The big question is if he can hold on at the top.
“It was not a plan this morning to take the GC this week but we’ll see after tomorrow,” he said, discussing the idea. “We’ve had a very good Classics season so far and the whole team is at a very good level.”
Issuing a brief statement in the wake of his parting of ways from the Tinkoff-Saxo team, Bjarne Riis has bid farewell to the squad he owned for more than a decade and said that he is stepping back from media contact until he works out what he will do next with his life.
The former professional rider, who won the 1996 Tour de France but later admitted to doping to do so, sold the team in December 2013 to the Russian entrepreneur Oleg Tinkoff.
He remained on as general manager at a salary rumoured to be one million euro per year.
However tensions rose between himself and Tinkoff and there were reports of a major argument during Tirreno-Adriatico.
The team confirmed last Tuesday that he had been sidelined, although it said that the decision was neither due to a lack of results nor financial issues.
The team then confirmed on Sunday that he and the squad had reached a mutual agreement to “terminate all contracts entered between Tinkoff Sport A/S and Bjarne Riis with immediate effect.”
Click here to read the full story on CyclingTips.
Laying out his blueprint for his team and his vision for cycling’s future on his Facebook page on Tuesday, Tinkoff-Saxo owner Oleg Tinkov has said that his team wants someone “boring and meticulous” to manage the squad in the wake of the team’s split with Bjarne Riis.
He named Team Sky’s principal, David Brailsford, as an example of that.
“Cycling has to change,” he wrote. “The times of Sainz [Manolo Saiz – ed.], Bryneel and Riis are over – they were stuck in the 2000s and that is not necessarily about doping. They just don’t get some obvious things and don’t know how to manage teams in modern way.
“Managing a team is not just about issuing instructions from a car radio or about casting a spell over the riders at which Riis was unsurpassed, for example. Managing a team is about boring, monotonous work in the office. The day of the boring and meticulous managers has come – guys like Dave Brailsord and, I hope, our new Director Stefano Feltrin.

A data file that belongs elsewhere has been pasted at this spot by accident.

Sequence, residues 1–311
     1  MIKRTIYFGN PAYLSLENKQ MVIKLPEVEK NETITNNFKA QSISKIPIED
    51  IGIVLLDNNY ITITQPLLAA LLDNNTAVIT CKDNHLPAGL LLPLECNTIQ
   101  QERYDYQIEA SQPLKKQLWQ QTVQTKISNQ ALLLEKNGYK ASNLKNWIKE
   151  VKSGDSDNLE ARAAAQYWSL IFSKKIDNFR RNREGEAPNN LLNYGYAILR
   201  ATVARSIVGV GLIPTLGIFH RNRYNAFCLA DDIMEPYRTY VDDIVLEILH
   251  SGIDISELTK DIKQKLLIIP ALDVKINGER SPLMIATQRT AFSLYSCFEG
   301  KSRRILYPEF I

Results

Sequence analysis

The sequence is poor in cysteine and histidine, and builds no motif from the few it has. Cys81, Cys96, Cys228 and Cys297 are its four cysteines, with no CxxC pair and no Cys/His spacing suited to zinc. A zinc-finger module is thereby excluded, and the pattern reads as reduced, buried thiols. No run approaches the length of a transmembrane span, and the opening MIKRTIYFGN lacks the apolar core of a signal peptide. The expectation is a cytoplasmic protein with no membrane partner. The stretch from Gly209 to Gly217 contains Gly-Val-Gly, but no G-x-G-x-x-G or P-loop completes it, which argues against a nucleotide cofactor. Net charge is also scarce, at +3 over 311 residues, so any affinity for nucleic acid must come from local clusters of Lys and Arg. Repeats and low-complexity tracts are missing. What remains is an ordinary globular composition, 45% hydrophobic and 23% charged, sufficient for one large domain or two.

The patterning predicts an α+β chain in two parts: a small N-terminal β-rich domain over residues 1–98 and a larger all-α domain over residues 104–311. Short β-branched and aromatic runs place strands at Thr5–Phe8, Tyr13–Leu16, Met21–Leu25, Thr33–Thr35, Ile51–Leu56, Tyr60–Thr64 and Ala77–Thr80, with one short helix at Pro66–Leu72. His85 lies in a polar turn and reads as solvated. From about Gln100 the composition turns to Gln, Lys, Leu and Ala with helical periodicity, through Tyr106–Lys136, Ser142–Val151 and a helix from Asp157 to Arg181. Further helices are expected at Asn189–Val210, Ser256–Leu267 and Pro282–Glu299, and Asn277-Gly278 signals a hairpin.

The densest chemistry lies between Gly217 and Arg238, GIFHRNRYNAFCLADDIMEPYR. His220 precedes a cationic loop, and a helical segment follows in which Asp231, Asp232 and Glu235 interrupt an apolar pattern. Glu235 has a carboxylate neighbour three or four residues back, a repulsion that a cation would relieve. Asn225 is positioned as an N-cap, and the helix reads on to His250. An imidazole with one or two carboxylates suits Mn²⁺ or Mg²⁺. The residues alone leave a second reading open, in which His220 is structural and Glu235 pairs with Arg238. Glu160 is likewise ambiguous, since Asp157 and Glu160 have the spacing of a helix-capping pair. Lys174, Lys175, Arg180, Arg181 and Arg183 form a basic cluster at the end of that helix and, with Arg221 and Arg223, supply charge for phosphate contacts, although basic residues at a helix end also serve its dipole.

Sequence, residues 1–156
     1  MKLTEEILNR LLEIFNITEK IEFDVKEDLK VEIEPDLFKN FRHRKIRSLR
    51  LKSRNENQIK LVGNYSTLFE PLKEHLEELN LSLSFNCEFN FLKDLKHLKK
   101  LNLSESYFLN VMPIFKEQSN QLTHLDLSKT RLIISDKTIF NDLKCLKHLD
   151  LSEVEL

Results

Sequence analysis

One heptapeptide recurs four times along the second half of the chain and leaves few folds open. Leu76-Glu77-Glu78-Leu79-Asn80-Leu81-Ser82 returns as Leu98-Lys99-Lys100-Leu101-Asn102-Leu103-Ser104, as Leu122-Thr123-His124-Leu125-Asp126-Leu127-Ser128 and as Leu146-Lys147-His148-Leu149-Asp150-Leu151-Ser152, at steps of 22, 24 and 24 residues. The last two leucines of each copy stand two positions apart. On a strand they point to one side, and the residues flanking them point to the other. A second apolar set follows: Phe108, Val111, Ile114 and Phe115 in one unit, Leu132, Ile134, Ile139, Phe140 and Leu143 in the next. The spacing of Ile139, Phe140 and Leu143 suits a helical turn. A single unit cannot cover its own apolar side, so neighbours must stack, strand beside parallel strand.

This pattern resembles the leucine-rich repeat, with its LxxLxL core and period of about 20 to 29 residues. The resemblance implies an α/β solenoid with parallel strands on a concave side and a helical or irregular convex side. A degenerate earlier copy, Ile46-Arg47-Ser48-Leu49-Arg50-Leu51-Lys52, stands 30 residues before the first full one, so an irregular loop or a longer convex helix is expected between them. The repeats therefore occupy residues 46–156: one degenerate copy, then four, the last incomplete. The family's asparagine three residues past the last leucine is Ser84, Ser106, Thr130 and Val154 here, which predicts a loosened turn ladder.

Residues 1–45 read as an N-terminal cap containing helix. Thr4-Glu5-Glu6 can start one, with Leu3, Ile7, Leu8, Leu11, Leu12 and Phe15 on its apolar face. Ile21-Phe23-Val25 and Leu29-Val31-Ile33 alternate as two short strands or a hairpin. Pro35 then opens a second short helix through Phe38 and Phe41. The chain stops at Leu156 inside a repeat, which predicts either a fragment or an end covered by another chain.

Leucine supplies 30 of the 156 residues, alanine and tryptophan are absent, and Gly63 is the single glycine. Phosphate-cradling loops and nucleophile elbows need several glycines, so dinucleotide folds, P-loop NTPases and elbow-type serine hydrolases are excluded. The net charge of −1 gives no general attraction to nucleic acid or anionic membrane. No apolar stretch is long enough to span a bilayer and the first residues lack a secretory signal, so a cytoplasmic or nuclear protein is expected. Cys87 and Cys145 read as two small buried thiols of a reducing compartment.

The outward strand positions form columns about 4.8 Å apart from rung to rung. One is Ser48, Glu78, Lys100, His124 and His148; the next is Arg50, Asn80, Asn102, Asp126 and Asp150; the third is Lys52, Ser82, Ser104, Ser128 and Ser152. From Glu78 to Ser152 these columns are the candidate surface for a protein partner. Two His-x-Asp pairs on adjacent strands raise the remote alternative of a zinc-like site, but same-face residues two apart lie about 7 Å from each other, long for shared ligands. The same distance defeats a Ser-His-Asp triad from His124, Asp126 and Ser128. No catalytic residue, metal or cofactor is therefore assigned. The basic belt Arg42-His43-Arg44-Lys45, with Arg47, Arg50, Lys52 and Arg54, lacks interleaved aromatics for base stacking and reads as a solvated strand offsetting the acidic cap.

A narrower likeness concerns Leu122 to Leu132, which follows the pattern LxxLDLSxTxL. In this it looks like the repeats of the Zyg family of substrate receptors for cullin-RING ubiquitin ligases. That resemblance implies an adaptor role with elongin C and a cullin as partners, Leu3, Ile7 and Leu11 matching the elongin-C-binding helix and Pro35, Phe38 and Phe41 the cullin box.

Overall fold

“Directing the team and its riders from preparation today must be driven by mathematical and statistical analysis and data mining. Sport science is the king now! Today the winner is not the one that trains the most but the one who trains the right way, not the one who injects EPO, but the one with a healthy diet and the one who consumes the right drinks before, after and during lengthy training sessions.”
Click here to read more at Cycling Weekly. Tinkov’s full statement is here.
by Matt de Neef
A little over a year ago Richie Porte abandoned the Volta a Catalunya on just the second day of racing. It was the second race that month that he’d been unable to finish — after Tirreno-Adriatico — and by the end of May he would also have DNFed at Liege-Bastogne-Liege and the Tour of Romandie. The illness that affected Porte in those races would also see him shelve his main goal for the season: the Giro d’Italia.
Twelve months on things couldn’t be more different.
Porte took two stage wins en route to overall victory at Paris-Nice — as he’d done two years prior — and a couple weeks later he worked his way into the overall lead of and then won the Volta a Catalunya.
There were no great celebrations; just a flight back to Monaco to begin a week of recovery before Porte begins his build-up to the Giro.
Any sign of the illness that plagued and ultimately cut short his 2014 season are gone. He’s not only healthy; he’s roughly 5kg lighter than he was last year but just as importantly — if not more so — the leader of the WorldTour’s individual rankings has his confidence back. And rightly so.